Ammunition casings are made from a variety of materials - each with pros and cons.
Over the years, this has led to a lot of debate and confusion surrounding the various types of ammo casings.
There are five main types:
Keep in mind, when people talk about ammo casings, they are only referring to the case portion of the cartidge. It has nothing to do with what the actual bullet is made of.
Because the different materials have inherently different characteristics, there is much debate and confusion around the topic "which type of ammo is best."
Some people are avid brass users and would never put less expensive steel or aluminum in their gun. Others think steel extracts better. Still others like the fact that aluminum is lighter.
Ammo casing affects how a gun functions and how a bullet moves through space once fired. Each casing material acts differently. So, which one is best, depends on your gun and what you want to accomplish with it.
Like many other things in life, there is no single answer.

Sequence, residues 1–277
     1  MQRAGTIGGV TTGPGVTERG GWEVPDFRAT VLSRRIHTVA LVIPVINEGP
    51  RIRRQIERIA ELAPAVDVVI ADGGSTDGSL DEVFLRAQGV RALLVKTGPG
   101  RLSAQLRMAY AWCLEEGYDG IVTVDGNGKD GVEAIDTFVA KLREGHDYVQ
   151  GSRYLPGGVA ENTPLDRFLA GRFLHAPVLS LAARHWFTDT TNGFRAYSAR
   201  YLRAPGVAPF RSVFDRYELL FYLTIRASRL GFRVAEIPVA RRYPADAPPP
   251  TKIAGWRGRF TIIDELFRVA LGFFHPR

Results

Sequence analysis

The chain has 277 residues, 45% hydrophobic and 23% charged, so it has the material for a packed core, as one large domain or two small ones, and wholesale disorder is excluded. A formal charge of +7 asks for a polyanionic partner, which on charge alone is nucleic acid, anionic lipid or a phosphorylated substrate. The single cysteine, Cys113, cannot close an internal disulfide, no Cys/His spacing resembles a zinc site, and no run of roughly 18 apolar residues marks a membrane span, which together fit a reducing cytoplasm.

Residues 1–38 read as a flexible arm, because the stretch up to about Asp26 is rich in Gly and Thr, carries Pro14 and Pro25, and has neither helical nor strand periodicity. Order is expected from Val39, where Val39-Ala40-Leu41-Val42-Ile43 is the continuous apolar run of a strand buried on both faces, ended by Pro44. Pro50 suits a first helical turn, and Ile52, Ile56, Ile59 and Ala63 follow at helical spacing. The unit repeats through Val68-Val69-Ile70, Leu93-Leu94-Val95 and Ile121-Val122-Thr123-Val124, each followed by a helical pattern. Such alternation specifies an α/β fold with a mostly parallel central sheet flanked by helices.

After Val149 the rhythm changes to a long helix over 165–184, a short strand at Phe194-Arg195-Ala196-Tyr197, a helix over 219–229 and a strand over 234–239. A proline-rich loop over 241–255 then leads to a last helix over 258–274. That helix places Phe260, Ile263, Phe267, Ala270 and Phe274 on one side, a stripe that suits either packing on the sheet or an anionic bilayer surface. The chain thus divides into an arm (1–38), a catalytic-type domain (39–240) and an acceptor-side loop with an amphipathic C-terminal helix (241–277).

Brass-cased ammo is known for how consistently it fires.
Because of the maleability of brass, a brass-cased cartridge expands once it's fired and creates an even seal in the chamber. This, in turn, creates an even "pressure build" which is necessary for reliability and accuracy.
Brass-cased ammo is:
When you're shopping for ammo, you're apt to notice that the price tag on steel-cased ammo is more attractive than that on brass-cased options.
Steel-cased ammo is:
Like steel-cased ammo, aluminum-cased ammo tends to be more cost-effective than brass options.
Aluminum-cased ammo is:
Plated casings are ammunition that has a base metal which has been elctroplated. Frequently the plating material is nickel.
Nickel plated brass ammo is: